return (
o &&
typeof o.then === 'function' &&
typeof o.catch === 'function' &&
typeof o.finally === 'function'
)
}

You may also use the special keyword asserts to indicate to TypeScript that the function will stop execution in the parent context (probably by throwing an error but it could also be via process.exit in a Node context) if the runtime type check does not pass.

This is useful when you know code needs to fail to execute if a value is null or undefined for example:

export function assertIsDefined(val: T): asserts val is NonNullable {
if (typeof val === 'undefined' || val === null) {
throw new Error()
}
}

When you use this function, after calling assertIsDefined(foo), TypeScript will know that foo is not null or undefined.

Casting to const

Casting to const is an invaluable tool in TypeScript as it allows you to derive specific types from object and array definitions rather than general types. If you want to declare an array a tuple in TypeScript, you must use the as const cast.

const generalStringArray = ['one', 'two', 'three']

const tuple = ['one', 'two', 'three'] as const

The generalStringArray will have the inferred type of string[] where as tuple will have the much more specific type of ['one', 'two', 'three'] (literally, the type will be the same as the value, how amazing is that?!).

This is particularly useful (and in fact necessary) to use for typing a dependency array for the watch function. Without casting the dependency array to const, TypeScript will infer a mixed type for each element of the array passed to the watcher callback that combines all the constituent parts of the dependencies.

Please open this TypeScript playground link to see a live example of this problem and how to solve it by casting to const. Note how in the first watch example, each of the values in the callback are typed as a combination of the types of each element of the dependency array. In the second, which uses as const, TypeScript is told to determine the type of the values in the callback by position as in a tuple where each element is typed separate from the others.

Packages to know about

@types/nuxt

This package is already included in our dependencies and houses all of the various Nuxt types like the type for context and app. Extending the types in this package via interface merging allows us to describe our additional modifications to Nuxt’s context. For example, we currently add annotations for the $ua and i18n extensions to Nuxt’s context. When typing anything that uses the useContext composable, it may be necessary to add further extensions to those types.

vue

This is of course one of the coreCore Core is the set of software required to run WordPress. The Core Development Team builds WordPress. packages of our frontend application. It also houses many core types for Vue, like the Component type.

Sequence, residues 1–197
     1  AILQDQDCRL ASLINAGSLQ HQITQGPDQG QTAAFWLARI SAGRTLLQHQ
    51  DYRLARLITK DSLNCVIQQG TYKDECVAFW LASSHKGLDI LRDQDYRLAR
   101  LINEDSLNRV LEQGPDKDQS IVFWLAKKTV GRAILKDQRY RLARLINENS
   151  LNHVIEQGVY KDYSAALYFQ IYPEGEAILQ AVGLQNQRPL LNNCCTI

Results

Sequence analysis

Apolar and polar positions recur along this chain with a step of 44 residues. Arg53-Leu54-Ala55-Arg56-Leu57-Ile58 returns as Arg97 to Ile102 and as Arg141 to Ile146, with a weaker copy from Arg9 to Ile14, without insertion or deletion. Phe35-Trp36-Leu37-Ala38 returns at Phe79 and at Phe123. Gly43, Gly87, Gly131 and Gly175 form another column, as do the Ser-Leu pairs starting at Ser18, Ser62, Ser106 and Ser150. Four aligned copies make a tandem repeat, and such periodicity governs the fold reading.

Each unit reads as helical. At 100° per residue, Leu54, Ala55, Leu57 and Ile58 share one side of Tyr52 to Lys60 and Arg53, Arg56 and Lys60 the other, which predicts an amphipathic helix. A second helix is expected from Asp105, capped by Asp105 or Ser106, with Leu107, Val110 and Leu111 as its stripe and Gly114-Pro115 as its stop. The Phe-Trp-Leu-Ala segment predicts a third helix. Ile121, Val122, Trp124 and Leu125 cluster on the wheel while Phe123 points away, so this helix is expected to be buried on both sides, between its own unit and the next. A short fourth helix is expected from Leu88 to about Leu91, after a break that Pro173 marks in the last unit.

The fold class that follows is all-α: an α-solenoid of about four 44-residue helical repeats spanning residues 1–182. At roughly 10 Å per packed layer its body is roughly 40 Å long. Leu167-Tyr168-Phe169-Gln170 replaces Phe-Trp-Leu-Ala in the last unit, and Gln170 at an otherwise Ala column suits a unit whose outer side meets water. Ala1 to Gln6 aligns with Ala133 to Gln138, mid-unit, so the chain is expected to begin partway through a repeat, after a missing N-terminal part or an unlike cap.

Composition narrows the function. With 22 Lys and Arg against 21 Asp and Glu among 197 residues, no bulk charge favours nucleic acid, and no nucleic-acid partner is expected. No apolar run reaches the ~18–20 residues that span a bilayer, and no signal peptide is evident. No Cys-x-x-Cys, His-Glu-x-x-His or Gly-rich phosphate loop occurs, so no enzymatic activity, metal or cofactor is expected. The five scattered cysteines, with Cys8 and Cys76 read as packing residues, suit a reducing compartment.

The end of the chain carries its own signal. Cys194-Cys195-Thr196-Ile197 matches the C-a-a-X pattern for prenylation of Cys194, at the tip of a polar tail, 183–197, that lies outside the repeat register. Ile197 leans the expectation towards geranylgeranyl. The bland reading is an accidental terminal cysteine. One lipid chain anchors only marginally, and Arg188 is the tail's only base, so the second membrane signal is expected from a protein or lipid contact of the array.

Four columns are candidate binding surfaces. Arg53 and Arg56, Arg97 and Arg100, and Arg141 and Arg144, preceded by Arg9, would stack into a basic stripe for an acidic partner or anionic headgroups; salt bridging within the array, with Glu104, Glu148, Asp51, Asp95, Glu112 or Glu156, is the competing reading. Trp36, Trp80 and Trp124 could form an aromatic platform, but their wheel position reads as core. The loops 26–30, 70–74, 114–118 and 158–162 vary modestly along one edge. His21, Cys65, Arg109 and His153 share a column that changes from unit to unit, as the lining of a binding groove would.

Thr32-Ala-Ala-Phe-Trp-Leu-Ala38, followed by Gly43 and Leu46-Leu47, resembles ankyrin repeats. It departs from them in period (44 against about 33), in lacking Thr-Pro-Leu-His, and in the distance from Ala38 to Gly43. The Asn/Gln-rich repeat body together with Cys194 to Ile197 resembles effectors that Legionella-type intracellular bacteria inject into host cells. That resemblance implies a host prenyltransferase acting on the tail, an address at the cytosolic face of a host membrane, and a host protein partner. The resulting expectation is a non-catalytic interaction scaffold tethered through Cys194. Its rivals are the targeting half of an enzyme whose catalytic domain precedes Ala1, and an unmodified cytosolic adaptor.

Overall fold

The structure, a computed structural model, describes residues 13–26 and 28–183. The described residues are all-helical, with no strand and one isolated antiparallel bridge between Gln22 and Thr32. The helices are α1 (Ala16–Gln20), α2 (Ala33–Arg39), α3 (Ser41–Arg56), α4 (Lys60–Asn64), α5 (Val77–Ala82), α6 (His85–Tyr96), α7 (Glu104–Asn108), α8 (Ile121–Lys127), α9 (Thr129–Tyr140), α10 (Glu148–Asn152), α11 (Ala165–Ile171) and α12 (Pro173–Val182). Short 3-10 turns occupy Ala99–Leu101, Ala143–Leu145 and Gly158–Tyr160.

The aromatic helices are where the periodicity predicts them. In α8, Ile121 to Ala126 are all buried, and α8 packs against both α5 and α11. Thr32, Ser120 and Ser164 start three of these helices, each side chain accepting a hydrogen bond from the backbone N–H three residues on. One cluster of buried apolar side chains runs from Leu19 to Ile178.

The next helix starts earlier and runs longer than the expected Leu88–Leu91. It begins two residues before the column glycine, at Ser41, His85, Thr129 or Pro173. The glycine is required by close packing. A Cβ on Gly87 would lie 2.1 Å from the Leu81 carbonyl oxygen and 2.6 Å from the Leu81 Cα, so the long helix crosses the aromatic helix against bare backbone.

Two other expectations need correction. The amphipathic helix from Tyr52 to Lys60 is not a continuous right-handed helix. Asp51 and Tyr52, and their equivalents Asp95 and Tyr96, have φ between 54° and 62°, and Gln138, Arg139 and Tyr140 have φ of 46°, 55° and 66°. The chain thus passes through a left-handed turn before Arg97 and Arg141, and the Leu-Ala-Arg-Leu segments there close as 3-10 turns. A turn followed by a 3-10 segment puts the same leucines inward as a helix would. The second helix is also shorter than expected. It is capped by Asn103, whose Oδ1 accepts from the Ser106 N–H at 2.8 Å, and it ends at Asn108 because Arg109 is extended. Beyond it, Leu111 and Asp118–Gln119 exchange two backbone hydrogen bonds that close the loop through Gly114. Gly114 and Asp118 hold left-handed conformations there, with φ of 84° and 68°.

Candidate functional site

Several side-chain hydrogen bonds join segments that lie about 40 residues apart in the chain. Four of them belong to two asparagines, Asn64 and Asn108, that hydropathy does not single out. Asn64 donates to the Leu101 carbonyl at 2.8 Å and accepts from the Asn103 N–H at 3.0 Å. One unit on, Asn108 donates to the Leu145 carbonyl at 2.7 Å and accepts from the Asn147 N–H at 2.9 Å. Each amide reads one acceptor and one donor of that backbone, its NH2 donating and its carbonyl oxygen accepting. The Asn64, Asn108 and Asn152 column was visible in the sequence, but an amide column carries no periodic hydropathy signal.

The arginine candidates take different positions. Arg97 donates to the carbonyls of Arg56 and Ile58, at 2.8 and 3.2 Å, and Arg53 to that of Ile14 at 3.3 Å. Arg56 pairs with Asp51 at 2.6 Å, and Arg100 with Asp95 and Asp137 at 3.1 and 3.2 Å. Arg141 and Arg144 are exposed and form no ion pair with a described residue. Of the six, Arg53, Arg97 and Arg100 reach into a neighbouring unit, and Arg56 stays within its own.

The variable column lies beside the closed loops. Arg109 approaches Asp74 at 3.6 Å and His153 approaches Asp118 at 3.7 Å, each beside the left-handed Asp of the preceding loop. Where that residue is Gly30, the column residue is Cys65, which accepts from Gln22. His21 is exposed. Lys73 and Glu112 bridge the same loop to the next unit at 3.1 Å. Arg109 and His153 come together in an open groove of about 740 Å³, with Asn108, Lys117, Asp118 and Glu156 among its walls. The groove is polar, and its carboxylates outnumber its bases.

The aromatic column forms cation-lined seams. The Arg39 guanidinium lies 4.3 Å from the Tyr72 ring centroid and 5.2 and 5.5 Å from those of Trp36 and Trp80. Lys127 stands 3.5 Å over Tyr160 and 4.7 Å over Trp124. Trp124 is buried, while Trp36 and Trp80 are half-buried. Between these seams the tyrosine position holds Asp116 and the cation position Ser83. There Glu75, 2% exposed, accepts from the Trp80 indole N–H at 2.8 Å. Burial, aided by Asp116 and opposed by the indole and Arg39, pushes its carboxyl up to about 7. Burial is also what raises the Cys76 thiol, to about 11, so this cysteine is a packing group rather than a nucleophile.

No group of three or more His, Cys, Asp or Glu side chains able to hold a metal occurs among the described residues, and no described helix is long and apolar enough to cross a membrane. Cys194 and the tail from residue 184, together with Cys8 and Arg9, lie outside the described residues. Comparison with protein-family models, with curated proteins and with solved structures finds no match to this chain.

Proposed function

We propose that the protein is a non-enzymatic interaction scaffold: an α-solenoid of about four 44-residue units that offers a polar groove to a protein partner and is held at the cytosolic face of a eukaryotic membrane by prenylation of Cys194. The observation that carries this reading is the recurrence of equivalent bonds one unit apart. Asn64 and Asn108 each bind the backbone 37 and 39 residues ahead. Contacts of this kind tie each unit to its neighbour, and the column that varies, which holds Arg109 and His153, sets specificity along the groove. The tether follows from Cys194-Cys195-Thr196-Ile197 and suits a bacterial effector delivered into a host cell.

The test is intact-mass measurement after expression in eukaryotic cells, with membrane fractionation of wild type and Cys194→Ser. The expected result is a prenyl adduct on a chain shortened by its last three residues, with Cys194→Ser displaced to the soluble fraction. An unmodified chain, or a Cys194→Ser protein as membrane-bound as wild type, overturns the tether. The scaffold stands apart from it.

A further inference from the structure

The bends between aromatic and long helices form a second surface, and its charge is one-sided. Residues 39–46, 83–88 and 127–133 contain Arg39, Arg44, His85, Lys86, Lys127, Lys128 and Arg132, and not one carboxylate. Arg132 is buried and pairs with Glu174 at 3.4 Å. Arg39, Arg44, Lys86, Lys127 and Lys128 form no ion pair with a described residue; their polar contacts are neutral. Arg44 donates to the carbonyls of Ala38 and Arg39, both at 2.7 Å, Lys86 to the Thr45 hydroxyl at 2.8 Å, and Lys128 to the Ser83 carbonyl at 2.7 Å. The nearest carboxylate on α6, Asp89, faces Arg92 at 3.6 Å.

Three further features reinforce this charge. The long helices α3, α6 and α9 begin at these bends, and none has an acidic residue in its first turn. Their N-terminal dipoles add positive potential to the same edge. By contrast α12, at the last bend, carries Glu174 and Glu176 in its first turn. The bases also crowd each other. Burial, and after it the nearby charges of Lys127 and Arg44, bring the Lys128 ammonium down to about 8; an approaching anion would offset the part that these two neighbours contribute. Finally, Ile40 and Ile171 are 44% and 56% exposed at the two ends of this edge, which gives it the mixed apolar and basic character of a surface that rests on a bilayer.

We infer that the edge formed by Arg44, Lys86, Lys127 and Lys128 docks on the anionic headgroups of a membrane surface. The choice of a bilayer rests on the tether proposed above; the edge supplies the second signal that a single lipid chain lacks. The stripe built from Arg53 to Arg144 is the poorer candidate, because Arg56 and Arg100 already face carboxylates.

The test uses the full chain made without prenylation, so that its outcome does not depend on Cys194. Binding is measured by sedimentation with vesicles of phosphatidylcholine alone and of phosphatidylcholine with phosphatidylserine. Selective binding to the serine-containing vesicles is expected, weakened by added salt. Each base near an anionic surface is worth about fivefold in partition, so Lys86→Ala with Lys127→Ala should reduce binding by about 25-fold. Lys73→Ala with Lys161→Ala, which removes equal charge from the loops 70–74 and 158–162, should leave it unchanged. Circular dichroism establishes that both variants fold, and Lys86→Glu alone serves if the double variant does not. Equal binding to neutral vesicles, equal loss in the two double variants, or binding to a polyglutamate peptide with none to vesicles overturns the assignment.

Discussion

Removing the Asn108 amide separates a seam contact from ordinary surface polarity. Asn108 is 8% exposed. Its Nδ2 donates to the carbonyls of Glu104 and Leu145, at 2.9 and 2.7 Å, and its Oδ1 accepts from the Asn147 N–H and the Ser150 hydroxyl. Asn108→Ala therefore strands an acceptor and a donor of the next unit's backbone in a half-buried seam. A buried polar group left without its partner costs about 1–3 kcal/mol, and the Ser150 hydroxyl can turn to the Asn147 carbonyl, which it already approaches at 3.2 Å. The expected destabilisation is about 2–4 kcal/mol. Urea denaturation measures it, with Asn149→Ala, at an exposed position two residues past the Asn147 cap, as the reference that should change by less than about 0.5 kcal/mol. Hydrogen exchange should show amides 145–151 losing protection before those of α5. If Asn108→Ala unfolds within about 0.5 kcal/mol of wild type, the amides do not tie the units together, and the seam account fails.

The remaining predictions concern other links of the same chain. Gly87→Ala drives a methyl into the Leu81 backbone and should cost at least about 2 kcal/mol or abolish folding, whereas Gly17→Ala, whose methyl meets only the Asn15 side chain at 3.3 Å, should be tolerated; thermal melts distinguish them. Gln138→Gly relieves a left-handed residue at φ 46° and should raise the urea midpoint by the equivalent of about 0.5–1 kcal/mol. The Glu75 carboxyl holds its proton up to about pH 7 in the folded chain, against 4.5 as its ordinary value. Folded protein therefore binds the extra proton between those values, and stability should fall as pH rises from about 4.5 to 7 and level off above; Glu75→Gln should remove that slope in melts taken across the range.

@nuxtjs/composition-api

You likely already are aware of this package, but please note that it includes a wealth of Vue related types for the Composition APIAPI An API or Application Programming Interface is a software intermediary that allows programs to interact with each other and share data in limited, clearly defined ways.. In here you will find the Ref type for example.

utility-types

The utility-types package includes a helpful set of types for dealing with common TypeScript scenarios. This is not currently included in our dependencies but is a reliable source of utility types should we need them. Check this package first before trying to write super-complex generic mapped types.

More helpful resources

TypeScript playground

The TypeScript playground (https://www.typescriptlang.org/play) is very helpful for collaborating with others on type-related problems. I’ve found it particularly helpful in that it forces me to narrow the problem I’m having to the bare-minimum example of it. Often times this practice alone can help me resolve an issue I’m having or at least see it more clearly.

Type challenges

If you’re looking to flex new, growing, or even strong TypeScript muscles, the type-challenges repository is a great resource. It’s a collection of small (though almost never simple) TypeScript challenges that force you to explore things like type inference, generic types, mapped types, and other intermediate to advanced TypeScript features.

I will say that even some of the so-called “easy” challenges are not for the faint of heart! They can be quite the brain teasers and sometimes pretty frustrating but so satisfying to find solutions for. The community is also quite active in sharing their solutions and this is a great way to pick up new tricks from TypeScript wizards.


1 There’s a little bit more tooling we’d have to do to get Vue files able to be typed, in particular around distinguishing Vue templates from ReactReact React is a JavaScript library that makes it easy to reason about, construct, and maintain stateless and stateful user interfaces. https://reactjs.org/. JSX (it appears TypeScript gets quite confused about this). Storybook, unfortunately, is the culprit here as its dependencies pull in the @types/react package which pollutes (at least from a Vue perspective) the global JSX namespace with React specific types. For example, React’s type for the class attribution on an HTMLHTML HTML is an acronym for Hyper Text Markup Language. It is a markup language that is used in the development of web pages and websites. element does not allow for Vue’s array and object classname binding syntax. One solution would be to switch to the vue-tsc library, and indeed we will do that when time comes for us to upgrade Nuxt via Nuxt bridge; but for now plain old TypeScript is fine for our purposes.

2 I use the phrase “helpful but non-contractual” here to distinguish from the “contractual” aspect of actually type checking a file. The JSDoc annotations in SFCs are helpful to indicate to the reader (and likely to their editor) what the intention is; but they are non-contractual in that they are not checked for correctness or enforced by the TypeScript compiler. You may still notice some editors giving you TypeScript errors in this file (VSCode will do this, for example) but they will not be enforced by the CI type-checking.